Although crocodiles are really large reptiles and can get enormous sizes, they suffer from a prevalence of “big fish” stories and over-exaggeration. The photographs you see are often manipulated digitally to make the animal look much larger than it is. Or other techniques like the forced perspective (a technique that employs optical illusion to make an object appear far larger than it really is) are commonly used in these photos. So, how big the largest crocodiles are actually? Here are the largest crocodiles ever recorded.

#1. Purussaurus (10,9 meters / 36 feet)

Purussaurus was actually a caiman. It has lived in South America during the Miocene epoch, 8 million years ago. It is known from skull material found in the Brazilian, Colombian and Peruvian Amazonia, and northern Venezuela. Purussaurus is one of the largest known crocodyliforms ever to have existed. ‬Its body length is estimated at up to 10.9 meters (about 36 feet). But, as only its skulls have been found, its actual length is not certain. It was previously estimated at 12.5 meters (41 feet) but most scientists and experts are skeptical about these proportions. The large size and estimated strength of this animal appear to have allowed it to include a wide range of prey in its diet, making it an apex predator in its ecosystem. As an adult, it would have preyed upon large to very large vertebrates with no real competition from sympatric, smaller, carnivores.


#2. Mourasuchus (up to 12 meters / 39 feet 4 in)

One of the largest prehistoric crocodiles, Mourasuchus is an extinct genus of giant crocodilians from the Miocene of South America. With an estimated length of up to twelve meters long,‭ ‬Mourasuchus was one of the biggest crocodiles of all time.‭ ‬However, despite this gigantic size, Mourasuchus had a relatively weak jaw and skull construction combined with quite small teeth for its size: the skull has been described as duck-like, being broad, flat, and very elongate. These two things do not portray an apex predator that wrestled large prey into the water. It presumably obtained its food by filter-feeding; the jaws were too gracile for the animal to have captured larger prey. It also probed the bottoms of lakes and rivers for food. Fossils have been found in the Fitzcarrald Arch of Peru, where it coexisted with many other crocodilians, including the giant gharial, Gryposuchus, and the alligatorid Purussaurus. The great diversity of crocodylomorphs in this Miocene-age (Tortonian stage, 8 million years ago).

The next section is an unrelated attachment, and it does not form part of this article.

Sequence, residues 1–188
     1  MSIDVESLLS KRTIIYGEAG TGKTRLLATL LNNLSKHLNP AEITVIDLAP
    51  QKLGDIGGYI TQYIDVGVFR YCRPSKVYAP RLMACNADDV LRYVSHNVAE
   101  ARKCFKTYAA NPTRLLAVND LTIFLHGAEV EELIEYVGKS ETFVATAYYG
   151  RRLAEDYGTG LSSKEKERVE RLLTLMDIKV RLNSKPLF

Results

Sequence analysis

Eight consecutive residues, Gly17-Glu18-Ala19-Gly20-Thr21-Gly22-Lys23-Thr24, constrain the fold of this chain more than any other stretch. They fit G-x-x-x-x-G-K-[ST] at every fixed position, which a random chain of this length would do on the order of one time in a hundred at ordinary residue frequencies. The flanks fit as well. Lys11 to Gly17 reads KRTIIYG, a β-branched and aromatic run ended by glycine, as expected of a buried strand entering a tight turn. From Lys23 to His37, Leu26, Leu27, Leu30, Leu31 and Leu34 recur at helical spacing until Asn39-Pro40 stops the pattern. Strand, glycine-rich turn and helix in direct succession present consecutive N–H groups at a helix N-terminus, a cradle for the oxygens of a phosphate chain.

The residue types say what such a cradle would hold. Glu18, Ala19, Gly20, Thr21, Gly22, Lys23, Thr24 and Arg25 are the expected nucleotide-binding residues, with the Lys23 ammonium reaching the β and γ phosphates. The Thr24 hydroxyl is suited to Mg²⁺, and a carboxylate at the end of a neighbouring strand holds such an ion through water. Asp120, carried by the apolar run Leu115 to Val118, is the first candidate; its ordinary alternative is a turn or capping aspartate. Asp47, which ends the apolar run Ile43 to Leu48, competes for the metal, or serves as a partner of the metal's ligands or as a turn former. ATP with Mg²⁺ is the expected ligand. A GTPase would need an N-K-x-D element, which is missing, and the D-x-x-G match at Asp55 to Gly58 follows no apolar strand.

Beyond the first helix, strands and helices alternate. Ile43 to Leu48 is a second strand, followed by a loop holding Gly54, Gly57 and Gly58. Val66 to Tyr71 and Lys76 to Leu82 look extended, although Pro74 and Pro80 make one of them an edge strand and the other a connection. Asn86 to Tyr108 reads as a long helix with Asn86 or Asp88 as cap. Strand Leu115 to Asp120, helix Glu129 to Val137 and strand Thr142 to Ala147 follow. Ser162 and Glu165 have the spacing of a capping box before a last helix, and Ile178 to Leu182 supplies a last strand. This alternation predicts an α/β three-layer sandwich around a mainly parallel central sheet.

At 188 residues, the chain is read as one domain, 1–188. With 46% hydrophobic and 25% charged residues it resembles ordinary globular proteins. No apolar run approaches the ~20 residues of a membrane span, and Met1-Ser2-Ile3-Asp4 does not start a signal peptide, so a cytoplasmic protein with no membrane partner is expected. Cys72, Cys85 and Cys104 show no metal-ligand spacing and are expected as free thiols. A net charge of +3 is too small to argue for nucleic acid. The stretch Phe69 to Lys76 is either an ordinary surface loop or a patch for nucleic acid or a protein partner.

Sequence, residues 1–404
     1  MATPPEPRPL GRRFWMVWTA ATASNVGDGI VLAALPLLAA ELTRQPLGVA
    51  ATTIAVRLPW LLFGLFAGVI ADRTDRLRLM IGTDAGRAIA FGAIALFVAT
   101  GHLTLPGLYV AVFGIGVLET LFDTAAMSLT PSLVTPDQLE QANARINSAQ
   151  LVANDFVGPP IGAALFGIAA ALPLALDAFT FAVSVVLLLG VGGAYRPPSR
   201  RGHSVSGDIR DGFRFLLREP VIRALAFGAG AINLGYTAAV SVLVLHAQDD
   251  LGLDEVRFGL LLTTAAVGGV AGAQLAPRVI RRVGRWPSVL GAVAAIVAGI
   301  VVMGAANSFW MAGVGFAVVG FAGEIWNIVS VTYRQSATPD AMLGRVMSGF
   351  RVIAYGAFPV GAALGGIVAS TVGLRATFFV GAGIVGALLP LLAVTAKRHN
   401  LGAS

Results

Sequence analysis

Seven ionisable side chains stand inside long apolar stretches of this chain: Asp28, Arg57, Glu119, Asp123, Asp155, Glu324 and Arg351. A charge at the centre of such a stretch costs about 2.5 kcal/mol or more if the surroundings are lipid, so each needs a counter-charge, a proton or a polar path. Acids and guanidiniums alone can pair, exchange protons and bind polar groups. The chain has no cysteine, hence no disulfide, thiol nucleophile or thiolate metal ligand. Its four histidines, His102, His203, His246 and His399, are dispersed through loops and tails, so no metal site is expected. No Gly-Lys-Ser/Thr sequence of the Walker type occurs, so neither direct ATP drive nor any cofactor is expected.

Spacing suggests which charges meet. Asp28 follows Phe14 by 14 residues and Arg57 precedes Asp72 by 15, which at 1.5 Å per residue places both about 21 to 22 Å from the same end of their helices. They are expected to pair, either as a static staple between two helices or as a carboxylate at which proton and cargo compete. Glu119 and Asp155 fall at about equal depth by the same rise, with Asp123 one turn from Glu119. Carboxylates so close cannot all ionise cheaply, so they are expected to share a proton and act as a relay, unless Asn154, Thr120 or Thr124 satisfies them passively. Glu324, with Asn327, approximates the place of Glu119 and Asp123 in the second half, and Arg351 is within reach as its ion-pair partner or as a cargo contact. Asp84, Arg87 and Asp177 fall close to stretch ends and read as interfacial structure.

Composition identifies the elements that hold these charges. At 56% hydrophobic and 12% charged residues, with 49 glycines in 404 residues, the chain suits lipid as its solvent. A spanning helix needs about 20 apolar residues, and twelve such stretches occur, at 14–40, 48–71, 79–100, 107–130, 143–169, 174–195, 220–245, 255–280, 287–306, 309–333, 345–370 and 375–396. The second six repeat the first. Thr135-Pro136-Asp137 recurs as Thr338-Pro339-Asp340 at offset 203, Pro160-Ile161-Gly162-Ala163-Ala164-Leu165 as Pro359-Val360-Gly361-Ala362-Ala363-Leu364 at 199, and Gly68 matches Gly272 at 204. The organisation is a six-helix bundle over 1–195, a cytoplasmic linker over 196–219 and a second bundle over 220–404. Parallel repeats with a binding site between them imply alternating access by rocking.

#3. Deinosuchus (up to 12 meters / 39 feet 4 in

Deinosuchus is an extinct genus related to the alligator that lived 80 to 73 million years ago (Ma), during the late Cretaceous period. The name translates as “terrible crocodile” and is derived from the Greek deinos, “terrible”, and soukhos, “crocodile”. The first remains were discovered in North Carolina (United States) in the 1850s; the genus was named and described in 1909. Deinosuchus was far larger than any modern crocodile or alligator, with the largest adults may have been up to 12 meters (39 ft) in length and perhaps weighed as much as 8.5 metric tons (9.4 short tons). Deinosuchus’ overall appearance was fairly similar to its smaller relatives (today’s alligators).


Deinosuchus was an apex predator and probably capable of killing and eating large dinosaurs. It may have also fed upon sea turtles, fish, and other aquatic and terrestrial prey. The incredibly strong bite force of Deinosuchus has been estimated to be 18,000 N (1,835 kgf or 4,047 lbf) to 102,803 N (10,483 kgf or 23,111 lbf), which makes its bite force even stronger than that of Tyrannosaurus rex (which is estimated at about 35,000 N. For comparison, today’s largest and strongest crocodile, the saltwater crocodile has a bite force of about 16,000 N. Deinosuchus was almost the same length as Mourasuchus, but was heavier, and had much more bite force.

#5. Euthecodon brumpti and Gryposuchus croizati (~10 meters / ~33 feet)

Euthecodon brumpti was a large slender-snouted fish-eating crocodile, that was common in the lakes and rivers of Lake Turkana (Kenya) between 1 and 8 million years ago, during the Neogene. A particularly large specimen of this crocodile found at Lothagam on the west side of Lake Turkana dated to some 4 million years, was estimated to (as explained above) have been almost 10 meters (~33 feet) in length. Gryposuchus is an extinct genus of gavialoid crocodilian. It was also a slender-snouted crocodile-like Euthecodon.

Euthecodon brumpti and Gryposuchus croizati

Fossils have been found from Argentina, Colombia, Venezuela, Brazil, and the Peruvian Amazon. The genus existed during the early and middle Miocene epoch. One recently described species, G. croizati, grew to an estimated length of 10 meters (33 feet).
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